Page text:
Is Micronesian church the next one to fall?
It’s high time they end their silence, according to a Micronesian human rights lawyer, who is urging victims of clergy sex abuse in Pohnpei and Chuuk to come forward with their long untold stories.
“The Pohnpei and Chuuk populations are Catholic. Most are religious and conservative. We are influenced by the early missionaries,” said Salomon M. Saimon. “They don’t talk about stories like sex abuse. This outlook is archaic.”
Motivated by the high-profile prosecution of clergy members on Guam, Saimon put out an advertisement in the Pohnpei paper, Kasehlelie Press, calling on “individuals who may have been victims of sex abuse as a minor” while attending local parishes and Catholic schools.
Launching the campaign with assistance from Guam attorney Michael J. Berman, Saimon is attempting to build a list of victims in preparation for an amendment to the FSM law to lift the statute of limitation for sex abuse against minors.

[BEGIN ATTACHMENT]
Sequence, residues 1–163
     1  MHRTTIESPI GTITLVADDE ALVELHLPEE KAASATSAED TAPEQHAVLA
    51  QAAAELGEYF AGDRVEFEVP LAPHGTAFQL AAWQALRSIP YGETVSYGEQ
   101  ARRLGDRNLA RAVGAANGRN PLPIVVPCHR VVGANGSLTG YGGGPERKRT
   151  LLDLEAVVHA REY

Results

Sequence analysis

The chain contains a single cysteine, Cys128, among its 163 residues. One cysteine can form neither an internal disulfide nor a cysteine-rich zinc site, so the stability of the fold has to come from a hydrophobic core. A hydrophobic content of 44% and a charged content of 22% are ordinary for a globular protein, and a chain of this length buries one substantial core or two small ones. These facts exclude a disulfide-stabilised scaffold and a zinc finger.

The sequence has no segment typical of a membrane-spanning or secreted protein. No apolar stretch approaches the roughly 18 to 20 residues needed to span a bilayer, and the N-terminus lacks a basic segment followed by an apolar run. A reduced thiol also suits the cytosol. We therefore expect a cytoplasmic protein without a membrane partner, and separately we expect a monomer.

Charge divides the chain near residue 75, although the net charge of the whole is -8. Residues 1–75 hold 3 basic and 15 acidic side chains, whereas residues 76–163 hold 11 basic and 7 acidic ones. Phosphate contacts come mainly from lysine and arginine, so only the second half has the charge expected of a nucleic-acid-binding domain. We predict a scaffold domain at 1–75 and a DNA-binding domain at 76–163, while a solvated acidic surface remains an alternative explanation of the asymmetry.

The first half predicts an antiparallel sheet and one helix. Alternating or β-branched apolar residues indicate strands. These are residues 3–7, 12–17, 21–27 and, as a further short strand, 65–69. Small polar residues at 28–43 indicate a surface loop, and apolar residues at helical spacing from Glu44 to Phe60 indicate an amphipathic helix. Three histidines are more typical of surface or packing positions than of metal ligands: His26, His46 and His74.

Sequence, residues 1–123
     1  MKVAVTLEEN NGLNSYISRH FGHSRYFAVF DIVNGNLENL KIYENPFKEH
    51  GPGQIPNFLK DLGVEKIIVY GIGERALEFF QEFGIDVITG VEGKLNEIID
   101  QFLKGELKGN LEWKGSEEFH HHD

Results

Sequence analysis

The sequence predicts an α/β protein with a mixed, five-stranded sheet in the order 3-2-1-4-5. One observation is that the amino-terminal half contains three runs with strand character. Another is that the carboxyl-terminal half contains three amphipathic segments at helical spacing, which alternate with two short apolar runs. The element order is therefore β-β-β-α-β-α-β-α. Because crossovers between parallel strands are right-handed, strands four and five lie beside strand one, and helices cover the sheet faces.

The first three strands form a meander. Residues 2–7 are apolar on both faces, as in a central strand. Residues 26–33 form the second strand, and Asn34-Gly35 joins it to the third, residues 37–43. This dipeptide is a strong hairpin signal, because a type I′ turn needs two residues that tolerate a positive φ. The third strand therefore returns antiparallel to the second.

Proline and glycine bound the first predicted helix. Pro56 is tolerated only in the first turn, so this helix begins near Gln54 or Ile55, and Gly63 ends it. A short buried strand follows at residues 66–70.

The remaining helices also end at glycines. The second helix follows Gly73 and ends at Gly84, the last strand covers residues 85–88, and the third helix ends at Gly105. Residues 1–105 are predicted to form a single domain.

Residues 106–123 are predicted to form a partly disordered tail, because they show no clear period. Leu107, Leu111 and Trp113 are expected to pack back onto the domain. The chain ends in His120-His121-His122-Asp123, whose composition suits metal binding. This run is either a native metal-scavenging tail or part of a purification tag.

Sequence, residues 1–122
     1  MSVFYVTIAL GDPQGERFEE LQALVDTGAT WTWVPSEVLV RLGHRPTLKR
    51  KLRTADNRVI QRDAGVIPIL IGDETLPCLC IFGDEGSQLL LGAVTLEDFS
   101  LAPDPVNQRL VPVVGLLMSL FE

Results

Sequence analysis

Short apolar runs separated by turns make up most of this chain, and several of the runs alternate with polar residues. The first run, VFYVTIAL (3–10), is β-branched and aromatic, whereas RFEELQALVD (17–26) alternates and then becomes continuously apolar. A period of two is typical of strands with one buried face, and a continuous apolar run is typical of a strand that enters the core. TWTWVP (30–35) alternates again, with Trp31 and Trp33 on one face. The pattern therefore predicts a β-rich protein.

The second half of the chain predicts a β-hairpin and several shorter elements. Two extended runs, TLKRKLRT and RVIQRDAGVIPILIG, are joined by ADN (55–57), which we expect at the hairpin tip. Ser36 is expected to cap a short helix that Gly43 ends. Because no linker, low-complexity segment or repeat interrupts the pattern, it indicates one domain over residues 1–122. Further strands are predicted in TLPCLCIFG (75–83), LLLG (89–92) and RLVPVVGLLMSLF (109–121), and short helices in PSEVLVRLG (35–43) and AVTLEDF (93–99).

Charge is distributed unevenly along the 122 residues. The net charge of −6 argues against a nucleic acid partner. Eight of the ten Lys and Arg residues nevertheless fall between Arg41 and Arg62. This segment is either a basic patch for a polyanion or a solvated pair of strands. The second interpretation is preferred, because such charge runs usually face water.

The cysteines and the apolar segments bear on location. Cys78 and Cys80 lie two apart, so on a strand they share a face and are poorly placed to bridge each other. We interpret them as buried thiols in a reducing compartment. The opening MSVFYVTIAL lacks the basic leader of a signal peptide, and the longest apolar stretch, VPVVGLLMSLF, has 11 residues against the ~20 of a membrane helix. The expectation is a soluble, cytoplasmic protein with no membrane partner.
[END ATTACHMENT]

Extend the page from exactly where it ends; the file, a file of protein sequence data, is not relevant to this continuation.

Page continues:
“I am working with the FSM congress right now to come up with a bill for this purpose, similar to what the Guam legislature did,” Saimon said. “I am hoping to hear from sex abuse survivors. We are looking at cases that happened during the 50s, 60s, 70s, 80s up to the present.”
Saimon acknowledged, however, that his self-imposed task to seek justice for sex abuse victims won’t be easy. “I can still sense the resistance. It may be hard for people to come forward for fear of reprisal from the church community,” he said. “But like the victims on Guam, this will give them an opportunity to heal.”
The advertised notice targets those who attended the Agriculture and Trade School in Pohnpei, Pohnpei Catholic School (formerly known as Misiohn), Saint Cecelia in Weno, Chuuk, Xavier High School, Weno, Chuuk; and the Catholic parishes in Pohnpei and Chuuk.